A lot of the characters think that the wanting and the having is all about money. It was clearer to me after I was finished with writing the book that they tend to think it is about money, the idea that what they have is mainly economic. The extent to which some of the characters in the book come to realise that there are lots of kinds of capital other than financial capital, is one of the organising principles of the book, because to varying extents they all tend to forget that.

Right now in Christchurch there is a lot of writing about the city going on. People are being encouraged to get their quake stories down and to share their experiences. After all, we have had a disaster, in a city that we love and we have a whole lot of fascinating characters too. The same skeins are present in Capital. What pointers would you give to potential authors to pull these three strands into a cohesive whole?

The difference between a man-made crisis and a natural one is that it’s a lot easier to seek for meaning in a man-made one. The financial crisis touches on things that had causes that you might have been able to prevent at a societal level if not at an individual level. A man-made catastrophe you can kind of study for lessons and think through, whereas  natural disasters are just great ill fortunes – nothing to be done about that and so would be harder to develop them into grand themes in novels.

I first heard about all your books in book clubs. What do you think of reading groups?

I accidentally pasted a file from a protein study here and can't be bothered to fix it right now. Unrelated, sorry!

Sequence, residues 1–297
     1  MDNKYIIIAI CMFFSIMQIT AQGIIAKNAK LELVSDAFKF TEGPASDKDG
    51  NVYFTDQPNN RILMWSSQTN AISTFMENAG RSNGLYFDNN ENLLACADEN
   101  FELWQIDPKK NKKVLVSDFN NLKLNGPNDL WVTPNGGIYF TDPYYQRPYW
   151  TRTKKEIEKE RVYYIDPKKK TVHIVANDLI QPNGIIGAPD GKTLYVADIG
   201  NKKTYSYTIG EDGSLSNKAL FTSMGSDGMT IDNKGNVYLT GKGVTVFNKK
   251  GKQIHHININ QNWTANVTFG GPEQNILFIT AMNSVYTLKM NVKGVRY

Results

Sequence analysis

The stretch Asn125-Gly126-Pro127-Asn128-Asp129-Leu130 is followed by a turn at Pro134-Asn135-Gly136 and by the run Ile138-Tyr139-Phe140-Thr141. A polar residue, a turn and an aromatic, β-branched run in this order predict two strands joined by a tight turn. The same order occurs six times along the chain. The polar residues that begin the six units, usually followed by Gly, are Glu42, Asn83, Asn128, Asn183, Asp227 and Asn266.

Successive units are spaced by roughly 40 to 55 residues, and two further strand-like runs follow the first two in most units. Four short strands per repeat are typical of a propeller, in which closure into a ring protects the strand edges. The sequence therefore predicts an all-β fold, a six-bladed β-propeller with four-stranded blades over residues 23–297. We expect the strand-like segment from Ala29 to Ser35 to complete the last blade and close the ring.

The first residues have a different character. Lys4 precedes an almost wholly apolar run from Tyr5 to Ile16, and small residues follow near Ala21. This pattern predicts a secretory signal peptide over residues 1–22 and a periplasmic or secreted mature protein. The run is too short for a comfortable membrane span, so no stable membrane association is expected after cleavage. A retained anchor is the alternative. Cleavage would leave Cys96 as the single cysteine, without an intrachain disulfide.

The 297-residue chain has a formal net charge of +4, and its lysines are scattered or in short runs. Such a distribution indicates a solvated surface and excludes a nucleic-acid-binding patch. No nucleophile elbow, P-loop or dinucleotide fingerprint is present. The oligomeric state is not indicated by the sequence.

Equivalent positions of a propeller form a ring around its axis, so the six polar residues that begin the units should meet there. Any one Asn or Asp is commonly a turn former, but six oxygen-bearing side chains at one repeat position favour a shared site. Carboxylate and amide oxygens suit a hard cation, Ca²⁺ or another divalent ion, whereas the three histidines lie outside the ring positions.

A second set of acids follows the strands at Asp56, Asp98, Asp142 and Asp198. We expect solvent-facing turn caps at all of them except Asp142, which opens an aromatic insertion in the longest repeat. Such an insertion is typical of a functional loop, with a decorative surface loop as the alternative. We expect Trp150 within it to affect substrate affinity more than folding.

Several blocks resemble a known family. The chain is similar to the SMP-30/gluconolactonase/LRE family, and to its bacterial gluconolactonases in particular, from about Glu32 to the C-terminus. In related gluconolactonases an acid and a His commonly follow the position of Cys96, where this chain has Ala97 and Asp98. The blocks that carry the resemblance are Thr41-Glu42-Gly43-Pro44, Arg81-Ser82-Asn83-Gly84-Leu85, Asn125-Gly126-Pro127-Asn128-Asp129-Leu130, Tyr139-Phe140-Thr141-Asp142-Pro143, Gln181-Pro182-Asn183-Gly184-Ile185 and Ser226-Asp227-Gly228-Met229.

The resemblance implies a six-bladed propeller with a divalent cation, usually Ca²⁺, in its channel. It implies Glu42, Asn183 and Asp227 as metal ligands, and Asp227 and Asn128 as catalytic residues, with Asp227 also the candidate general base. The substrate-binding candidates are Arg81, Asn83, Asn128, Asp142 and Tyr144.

Book clubs are definitely a good thing. There is one tiny negative thing – overwhelmingly they are great but lately I’ve noticed that there is a trend nowadays for everyone to read the same book at the same time. I don’t quite understand what the drivers of that are. It is so much more common than 15 to 20 years ago. I feel that monoculture is bad in all fields of life and the same goes for what we read. People live longer and longer nowadays and reading and variety of reading is a way of keeping your brain active. It’s not going to stay active all by itself and it is going to be less stimulated if you’re all doing the same things at the same time.

What’s your take on libraries, how important have they been in your life?

Very, very important. It’s a really sore point that we have just lost a library in our street, just 30 metres from where I live. I’ve more or less grown up in libraries and my children were doing that too. It was a very, very important part of their early childhood. I do hope you will win the fight for libraries as places where people can be without having to buy a product.  You don’t browse for socks or  toothpaste, but you do browse for books and the act of browsing is what facilitates the discovery of newness and libraries are so important for that.

One last question, are you an e-book reader?

I use an e-reader for travel, it saves me about 10kgs in luggage weight. I’m not theological about it, but I am surprised by the extent to which I prefer physical books. I didn’t know that before I got an e-reader but I find I vastly prefer physical books. They’re just much much nicer!